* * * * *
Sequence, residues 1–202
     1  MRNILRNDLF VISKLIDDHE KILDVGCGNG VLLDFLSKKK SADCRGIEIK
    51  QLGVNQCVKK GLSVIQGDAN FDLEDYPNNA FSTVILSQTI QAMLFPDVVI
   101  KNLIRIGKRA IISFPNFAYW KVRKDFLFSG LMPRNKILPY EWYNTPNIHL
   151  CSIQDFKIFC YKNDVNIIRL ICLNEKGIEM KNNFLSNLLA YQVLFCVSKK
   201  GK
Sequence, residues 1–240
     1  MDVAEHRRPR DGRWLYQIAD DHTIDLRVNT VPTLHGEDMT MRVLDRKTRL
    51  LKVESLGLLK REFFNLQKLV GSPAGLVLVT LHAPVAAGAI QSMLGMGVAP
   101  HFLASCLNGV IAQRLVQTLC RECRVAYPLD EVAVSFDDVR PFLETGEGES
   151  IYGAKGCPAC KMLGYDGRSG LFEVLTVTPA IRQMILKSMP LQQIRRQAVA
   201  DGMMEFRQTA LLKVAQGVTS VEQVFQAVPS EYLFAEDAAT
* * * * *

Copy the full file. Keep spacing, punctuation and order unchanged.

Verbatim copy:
Sequence, residues 1–202
     1  MRNILRNDLF VISKLIDDHE KILDVGCGNG VLLDFLSKKK SADCRGIEIK
    51  QLGVNQCVKK GLSVIQGDAN FDLEDYPNNA FSTVILSQTI QAMLFPDVVI
   101  KNLIRIGKRA IISFPNFAYW KVRKDFLFSG LMPRNKILPY EWYNTPNIHL
   151  CSIQDFKIFC YKNDVNIIRL ICLNEKGIEM KNNFLSNLLA YQVLFCVSKK
   201  GK
Sequence, residues 1–240
     1  MDVAEHRRPR DGRWLYQIAD DHTIDLRVNT VPTLHGEDMT MRVLDRKTRL
    51  LKVESLGLLK REFFNLQKLV GSPAGLVLVT LHAPVAAGAI QSMLGMGVAP
   101  HFLASCLNGV IAQRLVQTLC RECRVAYPLD EVAVSFDDVR PFLETGEGES
   151  IYGAKGCPAC KMLGYDGRSG LFEVLTVTPA IRQMILKSMP LQQIRRQAVA
   201  DGMMEFRQTA LLKVAQGVTS VEQVFQAVPS EYLFAEDAAT